Authors: A. R. Kahler
“Hey,” Mel says. I glance over at her. Austin’s gone, walking toward a semi parked at the edge of the lot.
“Morning,” I say. I nod to Austin’s retreating back. “What did he say?”
She shrugs. “Asked if he could ride with one of the other concessionaires, to get the lay of the land, you know. So it looks like I’m riding with you.” Her eyebrow quirks, telling me she saw through that ruse with zero effort.
“Okay.” Another small twist in my heart as I watch him get further away. I don’t remember how it felt to love him, but it sure as hell hurts watching the rift grow between us.
And that’s when I realize—it doesn’t hurt because we used to be in love. Well, that might be part of it. It hurts because he’s the only one in this whole troupe who knew me before I joined the circus. He could be the one person in this world who sees me as a whole person and not just a series of contractual obligations. To him, I’m not a ringmaster or a warmonger—I’m just Vivienne, the girl he fell for in high school and never let go of. He’s the only one who knows that none of this is my doing, that I’m trapped just like the rest of them. And maybe that’s the hardest part of all; he’s the one who was there for me before all of this, and the one who would probably—if I got my shit together—be there for me after.
there’s an after.
Because sometimes, when she doesn’t think I’m watching, I see even Melody looking at me like this is my fault.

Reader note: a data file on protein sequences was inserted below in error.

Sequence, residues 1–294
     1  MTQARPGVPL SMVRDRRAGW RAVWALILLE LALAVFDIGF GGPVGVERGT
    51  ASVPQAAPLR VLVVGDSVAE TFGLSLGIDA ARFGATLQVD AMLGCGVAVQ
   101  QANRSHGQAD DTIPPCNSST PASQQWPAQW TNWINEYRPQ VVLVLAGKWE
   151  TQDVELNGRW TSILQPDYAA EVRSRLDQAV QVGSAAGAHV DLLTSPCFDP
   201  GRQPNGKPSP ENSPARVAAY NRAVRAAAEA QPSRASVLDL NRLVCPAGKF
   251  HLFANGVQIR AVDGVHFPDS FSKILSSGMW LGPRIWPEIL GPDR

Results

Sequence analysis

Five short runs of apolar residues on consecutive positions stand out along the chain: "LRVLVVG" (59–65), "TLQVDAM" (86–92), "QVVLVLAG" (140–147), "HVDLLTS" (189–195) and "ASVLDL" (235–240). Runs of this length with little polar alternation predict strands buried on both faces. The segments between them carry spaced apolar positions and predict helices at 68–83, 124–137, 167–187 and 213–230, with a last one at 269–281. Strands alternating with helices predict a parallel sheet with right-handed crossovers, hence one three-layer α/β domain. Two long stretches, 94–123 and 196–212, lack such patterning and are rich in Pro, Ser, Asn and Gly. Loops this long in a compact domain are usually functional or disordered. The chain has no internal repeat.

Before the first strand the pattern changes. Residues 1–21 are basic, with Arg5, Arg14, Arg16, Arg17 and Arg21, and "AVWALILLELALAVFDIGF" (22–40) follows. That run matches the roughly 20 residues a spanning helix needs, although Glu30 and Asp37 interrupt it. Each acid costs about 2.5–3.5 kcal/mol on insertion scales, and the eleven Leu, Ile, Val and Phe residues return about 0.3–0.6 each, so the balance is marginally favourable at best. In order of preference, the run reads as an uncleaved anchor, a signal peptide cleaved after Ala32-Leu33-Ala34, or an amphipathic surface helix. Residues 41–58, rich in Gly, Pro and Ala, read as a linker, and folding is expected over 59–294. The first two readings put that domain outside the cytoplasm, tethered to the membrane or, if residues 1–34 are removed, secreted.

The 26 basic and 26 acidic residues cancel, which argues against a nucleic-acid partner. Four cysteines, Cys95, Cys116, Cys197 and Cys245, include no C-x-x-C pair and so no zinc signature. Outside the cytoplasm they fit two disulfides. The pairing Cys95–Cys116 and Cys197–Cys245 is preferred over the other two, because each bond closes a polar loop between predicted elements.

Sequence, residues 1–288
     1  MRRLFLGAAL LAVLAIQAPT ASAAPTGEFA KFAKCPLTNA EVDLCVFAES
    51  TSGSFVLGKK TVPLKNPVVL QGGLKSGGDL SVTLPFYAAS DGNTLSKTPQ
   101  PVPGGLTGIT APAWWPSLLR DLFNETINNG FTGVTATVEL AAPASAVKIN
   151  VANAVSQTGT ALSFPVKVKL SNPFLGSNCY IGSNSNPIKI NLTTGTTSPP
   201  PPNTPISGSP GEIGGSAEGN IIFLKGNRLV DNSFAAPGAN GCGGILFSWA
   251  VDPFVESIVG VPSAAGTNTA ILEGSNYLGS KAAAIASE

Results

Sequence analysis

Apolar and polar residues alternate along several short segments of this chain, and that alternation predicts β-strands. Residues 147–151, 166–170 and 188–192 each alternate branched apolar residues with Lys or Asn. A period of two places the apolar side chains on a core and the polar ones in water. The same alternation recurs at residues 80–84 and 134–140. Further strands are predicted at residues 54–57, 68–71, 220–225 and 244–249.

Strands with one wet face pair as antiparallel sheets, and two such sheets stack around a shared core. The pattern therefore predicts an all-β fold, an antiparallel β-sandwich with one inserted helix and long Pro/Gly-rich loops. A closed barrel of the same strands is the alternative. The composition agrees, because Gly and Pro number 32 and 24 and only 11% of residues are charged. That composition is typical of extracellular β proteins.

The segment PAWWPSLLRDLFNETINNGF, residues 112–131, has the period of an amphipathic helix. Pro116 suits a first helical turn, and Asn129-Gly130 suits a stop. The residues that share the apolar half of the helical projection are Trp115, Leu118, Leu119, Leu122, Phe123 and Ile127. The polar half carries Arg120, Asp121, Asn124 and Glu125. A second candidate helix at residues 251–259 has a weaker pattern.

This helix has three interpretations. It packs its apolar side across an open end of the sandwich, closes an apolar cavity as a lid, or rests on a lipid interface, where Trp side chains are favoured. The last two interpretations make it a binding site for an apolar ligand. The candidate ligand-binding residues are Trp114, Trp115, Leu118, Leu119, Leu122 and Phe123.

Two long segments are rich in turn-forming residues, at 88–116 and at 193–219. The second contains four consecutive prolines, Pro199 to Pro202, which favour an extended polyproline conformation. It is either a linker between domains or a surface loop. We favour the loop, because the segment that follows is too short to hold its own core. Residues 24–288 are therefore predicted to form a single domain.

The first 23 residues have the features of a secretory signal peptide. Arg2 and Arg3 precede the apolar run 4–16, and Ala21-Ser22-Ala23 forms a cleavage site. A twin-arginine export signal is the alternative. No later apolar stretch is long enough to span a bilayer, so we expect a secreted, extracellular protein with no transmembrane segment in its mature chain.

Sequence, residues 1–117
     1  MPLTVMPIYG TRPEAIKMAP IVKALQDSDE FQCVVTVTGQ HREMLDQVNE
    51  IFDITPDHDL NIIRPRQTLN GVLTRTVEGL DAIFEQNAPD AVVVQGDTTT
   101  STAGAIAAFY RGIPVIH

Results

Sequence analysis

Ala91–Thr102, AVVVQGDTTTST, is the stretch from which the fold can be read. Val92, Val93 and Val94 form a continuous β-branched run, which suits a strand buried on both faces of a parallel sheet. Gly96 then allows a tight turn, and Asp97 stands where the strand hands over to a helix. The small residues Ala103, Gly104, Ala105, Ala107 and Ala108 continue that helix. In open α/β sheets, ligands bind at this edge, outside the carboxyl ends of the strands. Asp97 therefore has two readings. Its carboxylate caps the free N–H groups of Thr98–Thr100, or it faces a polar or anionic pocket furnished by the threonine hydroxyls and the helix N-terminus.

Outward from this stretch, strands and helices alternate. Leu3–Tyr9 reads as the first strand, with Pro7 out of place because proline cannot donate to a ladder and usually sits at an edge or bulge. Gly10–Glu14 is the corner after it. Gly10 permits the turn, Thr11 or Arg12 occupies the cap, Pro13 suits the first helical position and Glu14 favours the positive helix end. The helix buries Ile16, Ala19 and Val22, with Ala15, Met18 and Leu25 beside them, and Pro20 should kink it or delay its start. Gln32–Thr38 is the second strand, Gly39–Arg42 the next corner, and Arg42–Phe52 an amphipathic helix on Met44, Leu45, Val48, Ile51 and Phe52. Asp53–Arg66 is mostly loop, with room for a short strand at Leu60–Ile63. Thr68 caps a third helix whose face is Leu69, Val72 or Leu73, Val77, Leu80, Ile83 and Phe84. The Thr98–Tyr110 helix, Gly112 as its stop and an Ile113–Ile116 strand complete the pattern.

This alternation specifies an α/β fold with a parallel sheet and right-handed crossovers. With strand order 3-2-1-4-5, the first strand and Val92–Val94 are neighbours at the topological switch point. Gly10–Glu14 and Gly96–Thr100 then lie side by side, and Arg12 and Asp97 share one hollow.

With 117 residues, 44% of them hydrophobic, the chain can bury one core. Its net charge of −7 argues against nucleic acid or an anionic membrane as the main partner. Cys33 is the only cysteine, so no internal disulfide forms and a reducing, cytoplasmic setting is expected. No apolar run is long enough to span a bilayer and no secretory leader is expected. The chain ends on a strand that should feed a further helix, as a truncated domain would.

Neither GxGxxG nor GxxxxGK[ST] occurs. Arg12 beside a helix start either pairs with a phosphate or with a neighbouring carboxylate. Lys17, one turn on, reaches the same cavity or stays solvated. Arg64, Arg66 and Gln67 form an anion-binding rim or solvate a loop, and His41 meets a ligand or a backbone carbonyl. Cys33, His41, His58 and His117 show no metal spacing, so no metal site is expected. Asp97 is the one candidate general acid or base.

“We leave in ten,” she says, snapping from my reverie. “I’ll take the first leg. You get the doughnuts.”
I give my friend a small smile and head back to my bunk to change before the trailer is hitched up. I’m still carrying my food, but the chances of me eating anything today are slim. The acid in my gut from Austin’s departure is making sure of it.
For the first few miles, Mel and I don’t say anything. We’re first in the long caravan of trucks, and the GPS on the dashboard says we still have three hours until our next destination. I don’t know how Mab managed to find and fill shows in these Podunk towns, but our schedule is booked solid for the next ten years. And I have a feeling it stops there because the calendar we use only goes that far.
“So,” Melody finally says over the blaring radio. She takes one hand off the wheel to turn it down, and since she’s holding a coffee with her other hand, she’s driving with one knee.
“So,” I say, keeping silent about her terrifying driving habits.
“How’d it go?”
“Great, obviously. Seeing as he didn’t want to be in the same car as me.”
“This is technically a cab,” she says, “but I understand what you’re getting at.”
“I told him everything. About the war, about Kingston.”
“Well, that was stupid.”
I glare at her, and she shrugs.
“All things considered,” she continues, “I’d say he took it rather well. I mean, he didn’t try to leave or burn you at the stake. So that’s a plus.”
“Yeah, but he also doesn’t want to be around me.”